Finance Minister Arun Jaitley today promised reforms in labour, land acquisition and insurance laws and expressed readiness to look at privatisation of some loss-making public sector companies.
Asserting that the country needed to doggedly pursue the reforms agenda despite challenges, he maintained that reform is the art of possible but it cannot be just "one sensational idea".
There could be hundred things which could be done but the focus would be on what can be done immediately as part of the reform process, he said kicking off the two-day India Economic Summit here organised by Geneva-based World Economic Forum.
He also noted that India was off the global radar for 2-3 years and the retrospective taxation was "one bad idea" that damaged the economy.
Referring to the need for labour reforms, Jaitley said: "Some aspects of the labour laws in India can certainly be improved and rationalised.
"This is an area where we will have to have a much larger consideration... Some people will certainly have reservation on this issue. Will I be able to immediately get it passed in Parliament? I am not in a position to comment," he said, adding that the government needs to convince people that a flexible policy will create more jobs.
The government has already introduced some labour reforms in Parliament which will be discussed in the upcoming session.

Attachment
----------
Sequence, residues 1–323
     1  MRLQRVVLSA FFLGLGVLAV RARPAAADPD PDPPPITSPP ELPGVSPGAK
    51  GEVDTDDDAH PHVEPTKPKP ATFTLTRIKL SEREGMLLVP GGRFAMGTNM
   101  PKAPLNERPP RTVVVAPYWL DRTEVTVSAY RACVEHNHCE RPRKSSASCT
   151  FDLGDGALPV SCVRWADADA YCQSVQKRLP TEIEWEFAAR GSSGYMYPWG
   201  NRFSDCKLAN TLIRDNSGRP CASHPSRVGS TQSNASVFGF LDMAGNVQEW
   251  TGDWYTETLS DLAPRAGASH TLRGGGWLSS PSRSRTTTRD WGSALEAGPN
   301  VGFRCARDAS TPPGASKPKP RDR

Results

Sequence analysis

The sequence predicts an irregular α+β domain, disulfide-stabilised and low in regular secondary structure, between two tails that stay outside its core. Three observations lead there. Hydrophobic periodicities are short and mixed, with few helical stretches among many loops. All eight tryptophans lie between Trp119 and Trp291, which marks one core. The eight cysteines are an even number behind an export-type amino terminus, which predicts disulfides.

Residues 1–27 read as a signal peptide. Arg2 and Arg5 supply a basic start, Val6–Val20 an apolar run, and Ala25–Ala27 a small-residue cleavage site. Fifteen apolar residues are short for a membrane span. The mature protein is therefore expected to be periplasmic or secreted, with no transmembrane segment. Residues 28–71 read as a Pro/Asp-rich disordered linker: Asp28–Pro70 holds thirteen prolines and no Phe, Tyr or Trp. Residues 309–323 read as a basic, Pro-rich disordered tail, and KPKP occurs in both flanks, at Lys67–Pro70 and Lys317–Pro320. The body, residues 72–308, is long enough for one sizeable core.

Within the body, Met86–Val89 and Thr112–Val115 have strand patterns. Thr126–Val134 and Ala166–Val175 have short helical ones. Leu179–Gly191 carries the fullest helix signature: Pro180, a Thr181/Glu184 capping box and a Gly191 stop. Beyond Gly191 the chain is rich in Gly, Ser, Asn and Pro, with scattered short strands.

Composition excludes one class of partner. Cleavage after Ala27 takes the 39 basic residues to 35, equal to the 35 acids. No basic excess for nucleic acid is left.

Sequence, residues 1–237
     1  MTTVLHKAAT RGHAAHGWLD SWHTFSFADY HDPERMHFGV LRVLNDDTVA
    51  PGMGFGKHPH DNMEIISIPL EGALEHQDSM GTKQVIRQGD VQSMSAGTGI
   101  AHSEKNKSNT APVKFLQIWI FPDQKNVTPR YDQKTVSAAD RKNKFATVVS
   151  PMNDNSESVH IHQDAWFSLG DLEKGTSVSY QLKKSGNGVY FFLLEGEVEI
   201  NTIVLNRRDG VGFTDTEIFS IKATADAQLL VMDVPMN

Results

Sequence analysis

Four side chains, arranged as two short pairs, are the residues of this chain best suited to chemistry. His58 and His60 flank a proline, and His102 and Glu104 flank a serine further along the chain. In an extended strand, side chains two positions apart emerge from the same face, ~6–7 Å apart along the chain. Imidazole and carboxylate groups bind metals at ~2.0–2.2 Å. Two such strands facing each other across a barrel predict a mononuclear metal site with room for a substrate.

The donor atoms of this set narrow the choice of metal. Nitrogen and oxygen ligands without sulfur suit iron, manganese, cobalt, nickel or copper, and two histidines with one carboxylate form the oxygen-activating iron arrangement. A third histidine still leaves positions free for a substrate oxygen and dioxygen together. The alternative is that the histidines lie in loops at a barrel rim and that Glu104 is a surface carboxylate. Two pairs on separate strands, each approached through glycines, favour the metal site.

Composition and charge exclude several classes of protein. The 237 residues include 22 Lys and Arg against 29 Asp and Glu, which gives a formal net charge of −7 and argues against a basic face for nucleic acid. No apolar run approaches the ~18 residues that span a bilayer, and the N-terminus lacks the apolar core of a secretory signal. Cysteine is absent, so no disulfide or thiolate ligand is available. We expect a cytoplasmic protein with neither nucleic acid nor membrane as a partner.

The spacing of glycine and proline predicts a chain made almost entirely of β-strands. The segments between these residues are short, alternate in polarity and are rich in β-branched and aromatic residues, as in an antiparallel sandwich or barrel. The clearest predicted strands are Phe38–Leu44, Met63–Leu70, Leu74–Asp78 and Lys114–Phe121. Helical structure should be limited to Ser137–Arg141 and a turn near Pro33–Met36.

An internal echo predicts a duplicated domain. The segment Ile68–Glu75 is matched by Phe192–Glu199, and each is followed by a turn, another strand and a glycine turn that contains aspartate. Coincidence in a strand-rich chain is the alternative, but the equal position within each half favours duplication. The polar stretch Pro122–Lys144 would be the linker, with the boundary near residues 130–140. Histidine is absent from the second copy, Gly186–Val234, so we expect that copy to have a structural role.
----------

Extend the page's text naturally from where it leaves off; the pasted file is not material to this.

On land acquisition laws, Jaitley said the government is looking at changing some "illogical provisions".
"There are some illogical provisions (in Land Acquisition Act) like land cannot be used or acquired under this law for private hospitals and schools... There are some factors in it, which certainly require a re-look," he said answering questions from the WEF Chairman Klaus Schwab.
On privatisation and opening up more sectors such as insurance to foreign investors, Jaitley said the last time Bharatiya Janata Party-led NDA was in power, it followed a liberal model.
The Minister pointed out that the government's decision to further open defence and railways to foreign investment is evoking interest from investors.
"If the initial experiment succeeds, we can open up a lot more," the Minister said, adding the government was open to international participation in the infrastructure sector.
He expressed hope that the long-pending Insurance Amendment Bill, that seeks to raise FDI in the sector from existing 26 per cent to 49 per cent, will get Parliament nod in the upcoming Winter Session.
On disinvestment, Jaitley said, "This time, there will be divestment as some important public undertakings are on the verge of closure. But on foreign investment, decisions will be made sector-wise, keeping in mind the requirements of Indian economy and the appetite of the political system for reform."
On a question about subsidies, Jaitley said petrol and diesel prices have already been de-controlled, and an expenditure management commission has been appointed to look into rationalisation of subsidies.
Nevertheless, he said, subsidies will not be eliminated completely as some sections of Indian economy and people will always need support.
Recalling the steps taken by the NDA government to deal with coal block allocation problems, Jaitley said, as a result "the element of discretion in the hands of the state has almost disappeared and hence once you take decision of these kinds (it will) eliminate the possibility of corruption, collateral consideration or crony capitalism as you call it."
The investors, he added, could look for a system "which is fair. Not a system on which they have to entirely depend on the largesse of politicians and ministers."
Similar reforms, he said, would be undertaken for allocation of natural resources and other minerals.